It’s the Islamic month of Ramdan, in the year 1430 AH (anno Hegirae /after Hijra).  A month when throughout the world Muslims abstain from eating during the daylight hours.  They wake up early in the morning, to consume some food prior to sunrise, and then wait until the sun sets in the evening to then break their fast, and consume food again.

During the daylight hours not only is food forbidden, but also is the consumption of water, drinking of any liquid beverage, inhalation of smoke, or consumption of any intoxicating substances.  Also forbidden during the hours of the fast are any sexual activities.  Muslims are also advised to pay attention to their thoughts and abstain from thinking any negative, wicked, cruel or illicit thoughts.

Whilst outwardly the Muslim abstains from food, water and any other nourishment, inwardly a Muslim is expected to refrain from any ill thinking and to monitor and control consciously their thoughts.  Even seeing a beautiful woman, and desiring her in an intimate manner, is, if I understand it correctly forbidden during the month of Ramadan.  Of course, there are varying degrees of interpretations of the practices of the fasting of Ramadan, but having been born and raised a Muslim, and as someone who chooses to practice the observance of Fasting, I’m sharing my personal understanding of fasting during the month of Ramadan, based on my own personal experiences and observations.

One of the reasons that I choose to observe Ramadan, apart from being a devout believer in the Oneness of the Almighty Creator, in the perfection of his revealed message, the Qur’an, and in the authenticity of his Messenger Muhammad (pbuh), is because I find Ramadan to be a month of renewal.  Abstinence allows me the opportunity to spend less time occupying myself with thoughts of food, and being consumed with activites relating to eating and drinking.  It’s interesting how when you know that you’ve deliberately chosen not to eat something, and follow through with that commitment, how after a few days your body adjusts to your new eating cycles, and starts to experience hunger at different times of the day.  After the first few days of Ramadan, my body automatically adjusts to my new eating behaviour and starts to get hungry at different times.  A change which happens so quickly each Ramadan, it always intrigues me.

Another reason that I observe Ramadan, is because I realised a while back that naturally when I’m immersed in an activity of some sort, and I’m in flow with my work, that I simply forget to be hungry.  Often, I’ve found myself so immersed in my work, that I forget to eat, or drink, simply because I’m so caught up in the work that I’m doing.  Knowing that that happens naturally, I realised a long time back that Ramadan is actually quite easy, as long as I keep myself occupied and gainfully busy throughout the day.  Something which doesn’t have to necessarily be a bad thing 😉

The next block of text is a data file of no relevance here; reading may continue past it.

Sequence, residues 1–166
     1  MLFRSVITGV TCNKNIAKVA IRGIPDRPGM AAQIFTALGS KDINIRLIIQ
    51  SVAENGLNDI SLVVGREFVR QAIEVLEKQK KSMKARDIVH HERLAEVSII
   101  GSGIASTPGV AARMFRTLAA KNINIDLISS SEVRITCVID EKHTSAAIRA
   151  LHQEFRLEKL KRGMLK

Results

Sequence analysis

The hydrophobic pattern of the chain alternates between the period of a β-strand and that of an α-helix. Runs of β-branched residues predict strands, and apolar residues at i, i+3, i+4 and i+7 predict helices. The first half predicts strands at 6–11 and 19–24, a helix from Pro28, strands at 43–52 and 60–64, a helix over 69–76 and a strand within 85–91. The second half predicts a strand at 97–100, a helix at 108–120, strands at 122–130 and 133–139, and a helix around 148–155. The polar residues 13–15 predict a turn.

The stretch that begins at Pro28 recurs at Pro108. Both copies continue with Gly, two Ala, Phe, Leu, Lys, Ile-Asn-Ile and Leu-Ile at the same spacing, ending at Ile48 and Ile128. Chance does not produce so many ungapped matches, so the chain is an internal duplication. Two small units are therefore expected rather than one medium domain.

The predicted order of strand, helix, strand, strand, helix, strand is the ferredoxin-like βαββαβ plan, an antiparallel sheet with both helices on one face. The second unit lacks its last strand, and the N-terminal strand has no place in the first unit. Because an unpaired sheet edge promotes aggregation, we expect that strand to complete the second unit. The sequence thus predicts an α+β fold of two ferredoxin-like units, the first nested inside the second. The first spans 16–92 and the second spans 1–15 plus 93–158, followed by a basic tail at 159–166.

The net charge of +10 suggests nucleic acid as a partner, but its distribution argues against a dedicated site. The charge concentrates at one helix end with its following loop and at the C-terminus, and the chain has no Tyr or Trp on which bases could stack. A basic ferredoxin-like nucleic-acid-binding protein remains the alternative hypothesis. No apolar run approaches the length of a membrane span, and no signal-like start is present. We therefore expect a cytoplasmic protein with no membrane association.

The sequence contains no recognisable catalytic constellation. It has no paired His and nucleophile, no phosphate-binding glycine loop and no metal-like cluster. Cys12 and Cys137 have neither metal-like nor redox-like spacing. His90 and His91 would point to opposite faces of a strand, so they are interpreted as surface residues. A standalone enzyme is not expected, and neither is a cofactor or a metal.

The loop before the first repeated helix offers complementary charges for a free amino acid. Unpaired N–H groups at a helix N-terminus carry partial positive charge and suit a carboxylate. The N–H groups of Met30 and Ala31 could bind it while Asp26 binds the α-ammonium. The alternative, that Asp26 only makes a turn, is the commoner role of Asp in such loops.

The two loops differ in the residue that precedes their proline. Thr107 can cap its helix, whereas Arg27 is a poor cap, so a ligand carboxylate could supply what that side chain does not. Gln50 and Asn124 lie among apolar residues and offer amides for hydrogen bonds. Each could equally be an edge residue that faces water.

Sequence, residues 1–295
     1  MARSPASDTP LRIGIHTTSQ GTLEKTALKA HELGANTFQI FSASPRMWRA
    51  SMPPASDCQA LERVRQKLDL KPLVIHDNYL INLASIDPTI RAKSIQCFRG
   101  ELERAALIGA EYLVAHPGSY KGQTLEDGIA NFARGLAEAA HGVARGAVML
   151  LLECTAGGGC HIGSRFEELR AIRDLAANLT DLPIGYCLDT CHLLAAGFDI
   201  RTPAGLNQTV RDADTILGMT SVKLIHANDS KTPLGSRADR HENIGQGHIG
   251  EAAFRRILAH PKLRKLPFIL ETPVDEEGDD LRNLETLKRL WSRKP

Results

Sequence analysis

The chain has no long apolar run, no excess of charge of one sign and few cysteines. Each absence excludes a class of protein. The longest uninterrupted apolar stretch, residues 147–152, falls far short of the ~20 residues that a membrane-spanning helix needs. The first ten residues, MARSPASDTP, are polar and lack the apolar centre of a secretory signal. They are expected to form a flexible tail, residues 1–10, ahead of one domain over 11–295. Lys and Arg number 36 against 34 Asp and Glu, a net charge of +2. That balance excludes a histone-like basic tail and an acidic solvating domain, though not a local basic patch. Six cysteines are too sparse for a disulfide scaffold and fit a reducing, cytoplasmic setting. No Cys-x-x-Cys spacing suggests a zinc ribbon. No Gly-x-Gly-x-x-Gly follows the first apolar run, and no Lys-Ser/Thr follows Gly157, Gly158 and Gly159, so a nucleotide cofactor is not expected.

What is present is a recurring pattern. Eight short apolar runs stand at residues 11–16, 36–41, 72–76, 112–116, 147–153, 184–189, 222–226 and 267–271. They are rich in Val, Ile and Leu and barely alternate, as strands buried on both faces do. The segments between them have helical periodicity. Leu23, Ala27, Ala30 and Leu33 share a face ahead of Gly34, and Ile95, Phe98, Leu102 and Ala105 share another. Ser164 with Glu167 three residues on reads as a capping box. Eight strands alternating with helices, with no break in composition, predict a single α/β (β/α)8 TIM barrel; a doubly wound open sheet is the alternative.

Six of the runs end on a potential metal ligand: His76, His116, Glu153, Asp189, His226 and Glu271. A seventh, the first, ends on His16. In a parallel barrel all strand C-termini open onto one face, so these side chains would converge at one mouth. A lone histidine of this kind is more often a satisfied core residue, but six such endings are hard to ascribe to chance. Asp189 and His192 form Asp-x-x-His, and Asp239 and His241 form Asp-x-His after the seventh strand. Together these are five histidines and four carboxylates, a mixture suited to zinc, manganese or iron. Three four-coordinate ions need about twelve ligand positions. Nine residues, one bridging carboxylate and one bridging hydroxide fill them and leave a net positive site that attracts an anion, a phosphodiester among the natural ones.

Before I realised that Ramadan was approaching, funnily enough, a week or two before Ramdan started, I started to think about how abstaining from something is actually very liberating, and empowering.  I’m reminded of a scene from the Hollywood film 40 Days and 40 Nights, where the main character Matt (played by Josh Hartnett) chooses to abstain from all sexual activity for 40 Days, during Lent. During the movie there’s one scene where the women gang up on Matt, in a desperate attempt to have him break his 40 Day vow of abstinence.  In the scene the woman talks about how abstaining from sex has been a way that women have controlled men, and maintained their power over them, and how by Matt abstaining he’s taking back that power, and that for the sake of women, they had to stop him.  Fortunately they don’t and Matt continues the film with his Vow intact.

But it did get me thinking about how restraint is a common practice in many spiritual traditions, and practices.  From Monks and Nuns in the Christian Traditions, to Buddhist Monks, Hindu Swamis, and even Shamans undergoing spiritual journeys.  The practice of abstinence, or chastity as a way of preparation is often associated with a spiritual practice, or spiritual undertaking, whereby people prepare themselves free of distractions and clear headed, having not undertaken any acts of personal gratification, or sexual intercourse as part of their preparation.  This ability to restrain oneself, and abstain from an act of impulse or desire got me thinking.  What if we applied the same restraint in other areas of our life?

What if in the West, we have become so obsessed with trying to please ourselves in every moment, with every whim, that we’ve lost the ability to hold back? To restrain ourselves?  What if in trying to always find the pleasure in every moment, in trying to experience everything and fulfill our every whim, we have lost the ability to hold back when it might serve us best to do so?